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How to talk to kids about their bodies Children's Wisconsin

Bodies and boundaries: Tips for talking to kids about their anatomy

Teaching a child how to understand, appreciate and protect their body is not a one-time lesson. It starts at a very young age when we teach simple concepts like identifying parts of the body but gets more complicated as new issues arise in adolescence and puberty. 

As is true when covering many life topics, it's important to create open lines of communication when talking with a child about their body. The more direct, honest and clear you can be in your communication, the easier it will be to address potential issues as they come up. 

Talking about bodies

Being able to openly communicate about bodies is important with kids for many reasons.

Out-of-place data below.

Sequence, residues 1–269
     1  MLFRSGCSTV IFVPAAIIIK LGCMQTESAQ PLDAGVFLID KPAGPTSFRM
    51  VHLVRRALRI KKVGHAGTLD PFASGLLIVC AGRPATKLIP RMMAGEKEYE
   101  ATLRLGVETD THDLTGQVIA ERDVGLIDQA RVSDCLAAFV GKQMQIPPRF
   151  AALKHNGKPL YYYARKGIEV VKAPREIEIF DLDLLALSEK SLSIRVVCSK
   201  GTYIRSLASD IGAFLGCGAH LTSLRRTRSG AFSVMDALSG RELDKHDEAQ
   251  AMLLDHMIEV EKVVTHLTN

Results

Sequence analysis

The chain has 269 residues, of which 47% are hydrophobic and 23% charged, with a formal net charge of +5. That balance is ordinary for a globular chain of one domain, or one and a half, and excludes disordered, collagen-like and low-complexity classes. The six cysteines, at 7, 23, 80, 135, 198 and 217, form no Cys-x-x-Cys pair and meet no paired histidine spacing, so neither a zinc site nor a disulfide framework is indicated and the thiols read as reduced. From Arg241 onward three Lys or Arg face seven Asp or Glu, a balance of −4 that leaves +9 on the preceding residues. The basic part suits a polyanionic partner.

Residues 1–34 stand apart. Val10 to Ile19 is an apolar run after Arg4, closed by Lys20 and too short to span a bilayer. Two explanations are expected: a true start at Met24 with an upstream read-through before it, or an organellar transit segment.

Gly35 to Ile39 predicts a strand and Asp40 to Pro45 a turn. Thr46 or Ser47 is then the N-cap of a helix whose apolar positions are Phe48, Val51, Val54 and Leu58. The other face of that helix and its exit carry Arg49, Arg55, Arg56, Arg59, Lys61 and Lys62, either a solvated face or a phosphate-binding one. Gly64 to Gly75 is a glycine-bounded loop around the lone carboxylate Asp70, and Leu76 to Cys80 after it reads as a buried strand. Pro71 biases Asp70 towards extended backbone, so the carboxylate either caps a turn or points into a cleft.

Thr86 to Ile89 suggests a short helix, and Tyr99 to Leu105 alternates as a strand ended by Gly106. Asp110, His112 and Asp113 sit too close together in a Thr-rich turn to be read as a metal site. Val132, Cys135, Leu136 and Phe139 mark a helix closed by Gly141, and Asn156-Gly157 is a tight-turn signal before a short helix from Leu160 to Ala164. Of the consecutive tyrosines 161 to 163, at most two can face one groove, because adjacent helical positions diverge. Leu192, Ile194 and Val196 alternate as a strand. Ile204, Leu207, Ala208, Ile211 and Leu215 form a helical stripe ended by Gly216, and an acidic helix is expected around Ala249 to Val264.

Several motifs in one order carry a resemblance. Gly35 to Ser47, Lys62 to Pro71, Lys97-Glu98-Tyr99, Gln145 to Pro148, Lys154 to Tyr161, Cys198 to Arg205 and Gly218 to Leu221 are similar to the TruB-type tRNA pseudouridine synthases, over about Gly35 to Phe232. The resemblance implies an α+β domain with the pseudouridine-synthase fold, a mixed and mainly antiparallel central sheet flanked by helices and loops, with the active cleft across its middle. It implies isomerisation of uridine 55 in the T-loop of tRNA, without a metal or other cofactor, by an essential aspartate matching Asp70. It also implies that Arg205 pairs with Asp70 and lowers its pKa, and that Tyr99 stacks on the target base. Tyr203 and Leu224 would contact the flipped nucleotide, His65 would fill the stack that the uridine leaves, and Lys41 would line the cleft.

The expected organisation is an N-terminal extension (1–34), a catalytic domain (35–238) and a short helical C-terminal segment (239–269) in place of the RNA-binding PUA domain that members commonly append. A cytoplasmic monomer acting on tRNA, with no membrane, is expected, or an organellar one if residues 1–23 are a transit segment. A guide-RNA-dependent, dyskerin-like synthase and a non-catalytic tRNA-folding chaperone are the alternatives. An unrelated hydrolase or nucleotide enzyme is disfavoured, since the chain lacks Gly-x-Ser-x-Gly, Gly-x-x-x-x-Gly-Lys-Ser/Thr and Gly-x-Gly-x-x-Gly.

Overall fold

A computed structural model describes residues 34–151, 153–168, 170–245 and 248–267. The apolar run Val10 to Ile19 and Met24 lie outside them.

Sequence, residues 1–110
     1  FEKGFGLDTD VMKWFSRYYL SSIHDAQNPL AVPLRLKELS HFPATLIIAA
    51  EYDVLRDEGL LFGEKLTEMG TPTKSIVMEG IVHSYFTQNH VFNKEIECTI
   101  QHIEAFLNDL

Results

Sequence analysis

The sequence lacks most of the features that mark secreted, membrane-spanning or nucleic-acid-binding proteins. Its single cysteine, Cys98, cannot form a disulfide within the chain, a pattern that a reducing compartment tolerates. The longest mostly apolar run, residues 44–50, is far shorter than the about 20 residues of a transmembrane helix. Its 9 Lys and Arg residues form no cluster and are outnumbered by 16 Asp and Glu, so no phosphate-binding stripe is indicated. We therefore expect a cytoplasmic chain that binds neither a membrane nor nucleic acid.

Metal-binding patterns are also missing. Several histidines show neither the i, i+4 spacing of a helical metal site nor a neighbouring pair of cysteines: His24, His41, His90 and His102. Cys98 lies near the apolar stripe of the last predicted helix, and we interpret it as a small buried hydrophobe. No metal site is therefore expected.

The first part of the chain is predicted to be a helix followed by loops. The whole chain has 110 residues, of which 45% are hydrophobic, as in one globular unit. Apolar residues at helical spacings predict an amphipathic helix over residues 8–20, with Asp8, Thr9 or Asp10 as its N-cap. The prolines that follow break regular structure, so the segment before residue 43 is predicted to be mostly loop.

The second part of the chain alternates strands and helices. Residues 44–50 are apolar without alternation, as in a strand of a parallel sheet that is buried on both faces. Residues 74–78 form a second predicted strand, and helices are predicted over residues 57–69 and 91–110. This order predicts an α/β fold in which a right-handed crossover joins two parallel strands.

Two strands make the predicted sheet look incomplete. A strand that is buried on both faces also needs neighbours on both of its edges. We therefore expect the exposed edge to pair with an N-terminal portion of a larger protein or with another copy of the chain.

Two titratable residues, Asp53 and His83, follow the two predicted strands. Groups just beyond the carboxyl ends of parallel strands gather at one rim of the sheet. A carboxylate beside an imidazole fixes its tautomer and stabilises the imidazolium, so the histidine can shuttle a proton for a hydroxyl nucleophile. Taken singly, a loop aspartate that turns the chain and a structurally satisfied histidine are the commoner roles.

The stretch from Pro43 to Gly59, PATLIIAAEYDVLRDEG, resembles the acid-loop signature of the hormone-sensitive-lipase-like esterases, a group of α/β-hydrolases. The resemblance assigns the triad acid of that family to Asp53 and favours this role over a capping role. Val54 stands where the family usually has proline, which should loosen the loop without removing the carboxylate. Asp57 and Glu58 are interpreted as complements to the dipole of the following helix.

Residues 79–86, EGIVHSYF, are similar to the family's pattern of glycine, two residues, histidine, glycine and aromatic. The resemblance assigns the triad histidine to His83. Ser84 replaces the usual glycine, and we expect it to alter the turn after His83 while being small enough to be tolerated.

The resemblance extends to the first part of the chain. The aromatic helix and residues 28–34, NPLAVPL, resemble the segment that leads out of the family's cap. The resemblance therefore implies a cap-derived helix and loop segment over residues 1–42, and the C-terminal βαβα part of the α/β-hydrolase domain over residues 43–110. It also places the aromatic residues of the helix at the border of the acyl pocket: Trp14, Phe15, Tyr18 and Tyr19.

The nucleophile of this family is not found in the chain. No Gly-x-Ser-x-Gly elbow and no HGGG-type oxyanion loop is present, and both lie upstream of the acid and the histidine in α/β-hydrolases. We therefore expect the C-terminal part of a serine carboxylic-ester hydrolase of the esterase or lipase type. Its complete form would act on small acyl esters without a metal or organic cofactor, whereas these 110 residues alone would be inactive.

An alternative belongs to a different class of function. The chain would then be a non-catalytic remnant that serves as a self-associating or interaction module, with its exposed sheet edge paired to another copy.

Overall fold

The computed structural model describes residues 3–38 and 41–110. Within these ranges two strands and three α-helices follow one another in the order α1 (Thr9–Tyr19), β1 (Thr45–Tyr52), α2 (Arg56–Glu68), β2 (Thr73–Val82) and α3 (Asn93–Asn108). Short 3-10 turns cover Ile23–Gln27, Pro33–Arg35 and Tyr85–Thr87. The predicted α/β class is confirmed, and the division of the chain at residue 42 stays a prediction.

First, it can help your child develop healthy boundaries around their body and safeguard against potential unwanted touching. (And, in the event they would experience something like this, open communication would make them more likely to tell you about it.) 

Open conversations can also help you support your child in developing positive thoughts about their bodies and manage potentially harmful messages coming through on social media, television and other media. 

If you don't have experience with this kind of communication, it can be difficult to know where to start. Here are some tips and talking points to help you have healthy conversations about bodies with your child.

"Your body is within your control"

Explain to your child that they are the ones that control their body and no one should be looking at it or touching it without their permission. Even seemingly harmless acts like hugging and kissing are not things your child should be forced to do if they're not comfortable with them. If your child doesn’t want to hug grandpa goodbye — for whatever reason — that’s okay. Work on other methods for expressing affection like a high five, a fist bump or wave.